The Shut-Off Valve for Your Lawn Sprinkler System

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Lawn sprinkler systems can be such a benefit to the homeowner, yet these systems are not maintained. One feature that is common in commercial applications will benefit residential sprinklers. That is the shut off valve.

I was participating in an Earth Day event yesterday. A group of us who are providing services with a green flare set up our tables in the lobbies of two buildings in the Energy Corridor. I had a great deal of fun explaining to homeowners what different products were, and how they can better the energy and water efficiency of their home. I was also interested in the other vendors, so before the event really began, I went to the other tables to take a look. Te natural care cleaning services looked like something that should be furthered explored, and of course, there were the recycling companies present; however, I was interested in the vendor dealing with lawn sprinklers. He worked for a firm that specialized in commercial applications, but he did residential work as well. He brought a mock up of the lawn sprinkler system with various heads and the back flow preventer. Looking at his display, I spotted that he had installed a shut off valve before the back flow device, so we began to talk.

    Leaks around the back flow preventer seem to be common in my home inspections. I see them more at the joints of the tubing. This device is the U-shaped set of tubes that has a brass valve in on corner. This set up sticks up out of the ground; one of the few pieces of your lawn sprinkler system that is always visible. For me, the leaks seem to occur with homeowners or yard crews hitting these tubes with the lawnmower. What I had not seen is a back flow preventer leaking due to freezing. The back flow preventer is a valve, which will not allow water to flow back into the drinkable water of the home. When this is leaking, the homeowner will notice, so these are changed out. At this device there are two shut off valves on either side of the device. In the event of a hard freeze, you should treat this valve area like your treat the hose bibs: you insulate them from the cold. Homeowners do forget this step. When they begin to have problems due to the freeze, they turn off the valves. This stops the water flow through the device, but you have to drain the back flow preventer to stop the damage from the expanding water during freezing. The installer mentioned that he had to replace many of these valves this past winter.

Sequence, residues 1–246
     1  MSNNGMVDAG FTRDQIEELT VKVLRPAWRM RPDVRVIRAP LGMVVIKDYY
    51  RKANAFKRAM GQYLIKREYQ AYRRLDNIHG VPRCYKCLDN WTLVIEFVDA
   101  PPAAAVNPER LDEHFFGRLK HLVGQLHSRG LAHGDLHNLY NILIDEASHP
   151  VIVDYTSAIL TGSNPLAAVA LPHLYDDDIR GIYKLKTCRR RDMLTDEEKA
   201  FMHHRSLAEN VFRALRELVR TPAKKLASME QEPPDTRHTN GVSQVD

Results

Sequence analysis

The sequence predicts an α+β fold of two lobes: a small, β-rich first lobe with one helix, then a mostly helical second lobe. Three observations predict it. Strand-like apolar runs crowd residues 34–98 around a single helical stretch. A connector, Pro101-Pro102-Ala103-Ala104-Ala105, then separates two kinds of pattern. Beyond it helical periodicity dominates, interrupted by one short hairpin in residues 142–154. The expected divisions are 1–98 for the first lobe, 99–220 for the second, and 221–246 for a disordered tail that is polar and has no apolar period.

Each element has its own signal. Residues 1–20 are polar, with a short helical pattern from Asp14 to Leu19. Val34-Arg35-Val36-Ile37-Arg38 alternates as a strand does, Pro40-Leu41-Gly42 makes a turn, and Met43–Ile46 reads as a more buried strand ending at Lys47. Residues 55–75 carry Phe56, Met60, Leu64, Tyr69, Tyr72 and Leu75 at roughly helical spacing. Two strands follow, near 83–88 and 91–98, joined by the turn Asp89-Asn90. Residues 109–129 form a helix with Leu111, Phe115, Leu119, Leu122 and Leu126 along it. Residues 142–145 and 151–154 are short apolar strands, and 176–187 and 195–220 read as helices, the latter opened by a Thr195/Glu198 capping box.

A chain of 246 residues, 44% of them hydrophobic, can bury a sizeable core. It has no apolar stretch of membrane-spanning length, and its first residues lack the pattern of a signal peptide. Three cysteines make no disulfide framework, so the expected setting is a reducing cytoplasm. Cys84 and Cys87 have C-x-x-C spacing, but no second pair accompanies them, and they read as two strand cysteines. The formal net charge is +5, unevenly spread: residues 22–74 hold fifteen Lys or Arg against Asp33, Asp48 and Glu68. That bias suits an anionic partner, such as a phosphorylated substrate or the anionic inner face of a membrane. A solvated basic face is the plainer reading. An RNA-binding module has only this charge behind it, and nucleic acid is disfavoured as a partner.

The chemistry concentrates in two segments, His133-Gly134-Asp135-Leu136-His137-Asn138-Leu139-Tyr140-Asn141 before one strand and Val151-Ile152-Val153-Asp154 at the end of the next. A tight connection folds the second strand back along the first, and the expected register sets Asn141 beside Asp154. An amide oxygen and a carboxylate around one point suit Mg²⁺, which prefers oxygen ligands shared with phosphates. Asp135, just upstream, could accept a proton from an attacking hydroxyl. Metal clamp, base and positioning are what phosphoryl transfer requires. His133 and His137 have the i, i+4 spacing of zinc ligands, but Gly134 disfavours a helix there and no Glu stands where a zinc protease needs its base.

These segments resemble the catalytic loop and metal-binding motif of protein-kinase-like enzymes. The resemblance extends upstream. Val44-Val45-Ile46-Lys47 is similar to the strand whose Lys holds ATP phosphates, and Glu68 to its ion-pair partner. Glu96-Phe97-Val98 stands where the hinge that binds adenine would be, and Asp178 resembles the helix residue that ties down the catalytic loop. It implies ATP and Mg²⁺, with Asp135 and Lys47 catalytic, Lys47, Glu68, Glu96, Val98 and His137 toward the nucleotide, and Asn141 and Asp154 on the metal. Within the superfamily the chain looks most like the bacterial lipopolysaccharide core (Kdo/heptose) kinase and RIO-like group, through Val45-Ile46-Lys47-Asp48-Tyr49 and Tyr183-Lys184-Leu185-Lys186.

This is where the simple shut off valve becomes quite useful. If you have to work on this part of your lawn sprinkler system, the water has to be turned off to the house. I have never seen a residential installation with a valve at that point in the line. When this valve is in place, workers do not need to shut off all of the water, but this has a further application for the homeowner. Turning off the water to your lawn sprinkler system before the water reaches the back flow device helps to ensure no water can freeze in any of those tubes sticking up out of the ground. You still have to drain the back flow valve by opening the little release valve on the side.
    That simple idea caused me to remember to study commercial installations. Commercial buildings, because they are used by more people, have the tendency to see new ideas installed faster. More money is set aside for building maintenance as well.  This shut off valve is not a requirement for your sprinkler system. Possibly there will be residential installers who would argue with me that it is not needed. If you are a homeowner, and you are concerned with leaks, then this valve can help you, so have the installer place a valve before the water reaches your back flow preventer.

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This site came out of my desire to write about my love of gardening, but also to connect it to my knowledge derived from home inspections. That is why I tied it to the home inspection site.If you have questions, you can email them to me (frank at For home inspections, call 713.781.6090.
Happy gardening, Frank


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